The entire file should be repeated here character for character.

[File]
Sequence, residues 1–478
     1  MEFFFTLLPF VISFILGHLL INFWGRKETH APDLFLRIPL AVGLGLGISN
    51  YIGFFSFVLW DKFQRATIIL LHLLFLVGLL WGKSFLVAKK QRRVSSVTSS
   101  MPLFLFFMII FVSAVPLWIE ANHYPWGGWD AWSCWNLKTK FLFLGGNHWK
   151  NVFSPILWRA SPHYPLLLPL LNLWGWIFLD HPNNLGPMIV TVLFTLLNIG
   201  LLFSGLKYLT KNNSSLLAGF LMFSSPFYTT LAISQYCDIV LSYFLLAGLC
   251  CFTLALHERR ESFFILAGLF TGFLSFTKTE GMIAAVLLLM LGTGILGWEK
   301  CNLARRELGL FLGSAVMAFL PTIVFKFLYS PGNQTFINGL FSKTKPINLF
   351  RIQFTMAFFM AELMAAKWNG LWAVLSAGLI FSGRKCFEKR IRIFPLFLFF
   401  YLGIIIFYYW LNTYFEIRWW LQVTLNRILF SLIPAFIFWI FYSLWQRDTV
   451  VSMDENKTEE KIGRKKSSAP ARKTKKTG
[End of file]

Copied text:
Sequence, residues 1–478
     1  MEFFFTLLPF VISFILGHLL INFWGRKETH APDLFLRIPL AVGLGLGISN
    51  YIGFFSFVLW DKFQRATIIL LHLLFLVGLL WGKSFLVAKK QRRVSSVTSS
   101  MPLFLFFMII FVSAVPLWIE ANHYPWGGWD AWSCWNLKTK FLFLGGNHWK
   151  NVFSPILWRA SPHYPLLLPL LNLWGWIFLD HPNNLGPMIV TVLFTLLNIG
   201  LLFSGLKYLT KNNSSLLAGF LMFSSPFYTT LAISQYCDIV LSYFLLAGLC
   251  CFTLALHERR ESFFILAGLF TGFLSFTKTE GMIAAVLLLM LGTGILGWEK
   301  CNLARRELGL FLGSAVMAFL PTIVFKFLYS PGNQTFINGL FSKTKPINLF
   351  RIQFTMAFFM AELMAAKWNG LWAVLSAGLI FSGRKCFEKR IRIFPLFLFF
   401  YLGIIIFYYW LNTYFEIRWW LQVTLNRILF SLIPAFIFWI FYSLWQRDTV
   451  VSMDENKTEE KIGRKKSSAP ARKTKKTG